By: Fuad Omar, IndiaFM
Wednesday, August 02, 2006
A tall high-rise building stares watchful over London's most famous landmarks. The Gherkin financial centre, London Bridge and the Mayor of London's office all make up a great view of London that represents history and modernisation. A tall man saunters over to a clear portal that gives him a birds-eye view of these monuments, distracted for a second before picking up his mobile phone and dialling a number. He connects to Raj and tells him to stop talking to himself as he wants to speak to him. Shaking his head slightly he tells him he's coming down and exits to the left.
"Cut! Perfect!" says director Vivek Agrawal shooting a quick glance at cinematographer du jour Ashok Mehta whose eyes squint a little as he tips his head forward in acknowledgement that it was the shot they wanted. The tall man with curly tresses smiles and looks at his director before coolly walking to the other end of the room.
"And the Oscar goes to.." he jokes causing a room full of extras and support artistes to crack up simultaneously and the corporate setting to be immediately transformed into an audience of what makes Indian cinema so magical: the entertainment factor. Still smiling, the man goes over to the clamshell monitor to check the shot he has just given for Chasing Ganesha Films' I See U. He is no stranger to big screen entertainment as he's given almost twenty years of his life to making others laugh, smile or simply be entertained. Branded a cult star within two years of his first film and responsible for some of Hindi cinema's most memorable and loved roles, Chunky Pandey still commands his crowd as if there were a 70mm screen dividing the film world and fans. He has not been seen on screen for a short while but stole the show in last year's gangster film D as the main character's right hand man Raghav. He is also receiving praise for the rushes of his latest film Darwaza Bandh Rakho which sees a handful of kidnappers hideaway in a house that seems to have no end of uninvited guests. Chunky's dialogue in the film's promo which highlights in one line what the whole film is about is apparently causing peals of laughter as someone asks him after observing the number of people bundled in one house if this is a joint family to which he shoots back "no, no, we joined them all together".
As the camera is shifted and a new shot set up, Chunky announces to the room: "I'm going for a smoke, who's coming with me?" and this Ladies and Gentlemen is Chunky Pandey. The effervescent entertaining actor and likeable man who openly invites everyone to join him in whatever he's doing. If he's smoking, having lunch or out enjoying the sunshine, he'll happily chat away to whoever wants to listen or ask anything. Inside the room, extras are laughing with him and when he ventures outside people smile at the sight of him and exclaim 'Chunky!' in disbelief at the actor who looks as fresh faced as he did a decade ago when he ruled the box office with hits such as Tezaab, Vishwatmaand Aankhen - all three films which defined the times they released in.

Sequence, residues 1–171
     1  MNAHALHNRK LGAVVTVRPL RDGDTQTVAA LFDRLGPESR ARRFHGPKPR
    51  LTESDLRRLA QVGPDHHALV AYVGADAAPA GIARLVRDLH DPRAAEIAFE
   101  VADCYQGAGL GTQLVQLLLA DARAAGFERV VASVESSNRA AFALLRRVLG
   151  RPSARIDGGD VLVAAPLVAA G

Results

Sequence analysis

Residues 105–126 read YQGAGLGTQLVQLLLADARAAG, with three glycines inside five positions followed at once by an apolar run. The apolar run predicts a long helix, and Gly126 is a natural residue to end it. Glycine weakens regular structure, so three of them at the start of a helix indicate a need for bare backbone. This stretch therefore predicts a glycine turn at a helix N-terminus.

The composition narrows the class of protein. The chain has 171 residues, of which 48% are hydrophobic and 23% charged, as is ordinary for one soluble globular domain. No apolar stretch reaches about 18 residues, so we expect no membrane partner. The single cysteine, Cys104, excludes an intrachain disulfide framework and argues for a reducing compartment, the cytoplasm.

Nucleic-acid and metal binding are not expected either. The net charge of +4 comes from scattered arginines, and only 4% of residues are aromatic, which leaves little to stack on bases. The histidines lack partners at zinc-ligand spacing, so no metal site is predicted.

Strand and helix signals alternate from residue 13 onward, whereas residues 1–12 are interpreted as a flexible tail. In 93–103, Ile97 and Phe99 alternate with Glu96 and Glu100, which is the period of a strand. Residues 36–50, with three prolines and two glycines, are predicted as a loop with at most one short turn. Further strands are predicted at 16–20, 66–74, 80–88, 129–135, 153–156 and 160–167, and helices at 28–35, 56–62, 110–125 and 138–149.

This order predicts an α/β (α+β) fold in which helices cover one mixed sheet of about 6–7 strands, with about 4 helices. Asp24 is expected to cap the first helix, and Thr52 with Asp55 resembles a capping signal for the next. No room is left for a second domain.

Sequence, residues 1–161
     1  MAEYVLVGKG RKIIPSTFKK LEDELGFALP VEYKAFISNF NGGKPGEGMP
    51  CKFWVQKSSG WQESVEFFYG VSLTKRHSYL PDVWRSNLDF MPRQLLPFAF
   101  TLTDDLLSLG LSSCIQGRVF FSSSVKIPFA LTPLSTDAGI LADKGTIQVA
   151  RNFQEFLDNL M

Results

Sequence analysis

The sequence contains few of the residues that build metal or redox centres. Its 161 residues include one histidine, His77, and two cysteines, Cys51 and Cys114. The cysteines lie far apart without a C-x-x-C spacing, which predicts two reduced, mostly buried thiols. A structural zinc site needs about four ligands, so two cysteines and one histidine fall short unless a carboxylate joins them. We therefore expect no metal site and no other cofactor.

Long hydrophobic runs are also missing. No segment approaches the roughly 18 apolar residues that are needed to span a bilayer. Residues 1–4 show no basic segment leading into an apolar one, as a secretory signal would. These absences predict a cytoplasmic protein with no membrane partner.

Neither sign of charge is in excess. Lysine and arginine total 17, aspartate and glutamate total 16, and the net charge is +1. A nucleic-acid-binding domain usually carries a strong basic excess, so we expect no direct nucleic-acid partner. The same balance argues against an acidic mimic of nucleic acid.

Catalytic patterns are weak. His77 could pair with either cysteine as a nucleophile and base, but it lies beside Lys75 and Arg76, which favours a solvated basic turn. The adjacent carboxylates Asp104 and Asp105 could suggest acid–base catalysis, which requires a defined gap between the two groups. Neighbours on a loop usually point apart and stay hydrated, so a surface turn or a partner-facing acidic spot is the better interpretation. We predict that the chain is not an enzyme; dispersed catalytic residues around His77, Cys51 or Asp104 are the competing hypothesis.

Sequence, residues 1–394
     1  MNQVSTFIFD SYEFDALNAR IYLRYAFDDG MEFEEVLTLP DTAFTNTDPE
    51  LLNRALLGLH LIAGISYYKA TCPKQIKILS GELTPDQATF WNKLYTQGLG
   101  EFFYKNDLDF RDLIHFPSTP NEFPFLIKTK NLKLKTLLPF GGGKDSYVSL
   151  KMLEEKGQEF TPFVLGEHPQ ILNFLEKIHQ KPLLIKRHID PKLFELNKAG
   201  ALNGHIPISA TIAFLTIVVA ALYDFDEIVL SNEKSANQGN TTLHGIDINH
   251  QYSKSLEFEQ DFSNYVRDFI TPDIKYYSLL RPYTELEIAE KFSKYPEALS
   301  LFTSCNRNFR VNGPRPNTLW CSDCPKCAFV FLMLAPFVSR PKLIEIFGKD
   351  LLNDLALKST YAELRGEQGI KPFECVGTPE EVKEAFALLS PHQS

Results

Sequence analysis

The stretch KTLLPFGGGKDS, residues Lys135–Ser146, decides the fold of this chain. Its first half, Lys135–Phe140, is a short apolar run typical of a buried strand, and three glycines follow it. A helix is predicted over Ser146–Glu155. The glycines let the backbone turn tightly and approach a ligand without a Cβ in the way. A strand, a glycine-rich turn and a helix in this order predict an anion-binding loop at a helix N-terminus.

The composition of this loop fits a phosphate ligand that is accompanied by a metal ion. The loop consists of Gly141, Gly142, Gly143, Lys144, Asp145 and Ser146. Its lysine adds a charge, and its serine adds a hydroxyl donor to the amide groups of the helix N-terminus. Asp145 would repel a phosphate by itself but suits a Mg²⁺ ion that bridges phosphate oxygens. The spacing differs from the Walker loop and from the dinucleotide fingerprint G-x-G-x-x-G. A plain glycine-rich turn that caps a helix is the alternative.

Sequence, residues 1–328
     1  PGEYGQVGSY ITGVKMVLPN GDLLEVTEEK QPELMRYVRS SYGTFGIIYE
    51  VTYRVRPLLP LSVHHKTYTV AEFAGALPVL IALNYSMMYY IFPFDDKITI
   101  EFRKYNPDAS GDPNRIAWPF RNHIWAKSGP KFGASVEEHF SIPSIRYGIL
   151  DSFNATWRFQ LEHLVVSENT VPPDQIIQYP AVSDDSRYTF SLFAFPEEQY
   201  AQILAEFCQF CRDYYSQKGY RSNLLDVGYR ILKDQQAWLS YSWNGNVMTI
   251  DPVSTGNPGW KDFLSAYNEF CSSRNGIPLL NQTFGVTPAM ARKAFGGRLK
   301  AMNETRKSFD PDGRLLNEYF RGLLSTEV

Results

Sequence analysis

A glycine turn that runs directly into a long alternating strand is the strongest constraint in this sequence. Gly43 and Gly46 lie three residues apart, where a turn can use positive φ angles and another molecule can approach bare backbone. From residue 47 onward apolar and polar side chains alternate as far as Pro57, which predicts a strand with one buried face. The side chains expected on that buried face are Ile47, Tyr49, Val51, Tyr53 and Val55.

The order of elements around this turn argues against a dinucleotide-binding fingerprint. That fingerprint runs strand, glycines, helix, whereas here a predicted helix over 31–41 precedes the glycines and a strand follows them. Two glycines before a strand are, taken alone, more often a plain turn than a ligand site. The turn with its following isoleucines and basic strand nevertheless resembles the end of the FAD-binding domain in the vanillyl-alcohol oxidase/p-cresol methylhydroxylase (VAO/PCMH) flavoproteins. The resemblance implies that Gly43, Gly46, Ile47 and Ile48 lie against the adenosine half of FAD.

"I'm enjoying it in London," he tells me, "plus the weather's good this time round." In between having pictures taken of him he flicks through my book and says "I'd better be in this," to which I tell him he'll definitely be in the next edition.
He continues to tell me about Darwaza Bandh Rakho and its premise which sounds like something you'd only expect from Ram Gopal Verma and a developing story which is as crazy as its increasing cast list. The interesting thing is the very aspect that Chunky found intriguing about the film and RGV obviously conceived as his plan is also the exact same factor that intrigued Hollywood director M Night Shyamalan as revealed at the press junket for Lady in the Water the week before this very moment (The fact that as a character is introduced it has to stay in the story). It seems without realising it, Indian cinema and Hollywood are on the same thought trains and both films are ready for release - with different storylines but one similar aspect that both filmmakers wanted to experiment with. Eyeing the time, I disappear to my next appointment and thank Chunky for his time and the chat and tell him to keep making cult cinema. He smiles and I leave him basking in the sunshine that throws its rays over him surrounding him with light. Twenty years in the business and he's still smiling and so are his fans. Chunky's time in the sun is far from over and it seems a new dawn is just beginning. Give up looking back because there's a whole lot to look forward to: you're about to see Chunky Pandey as never before.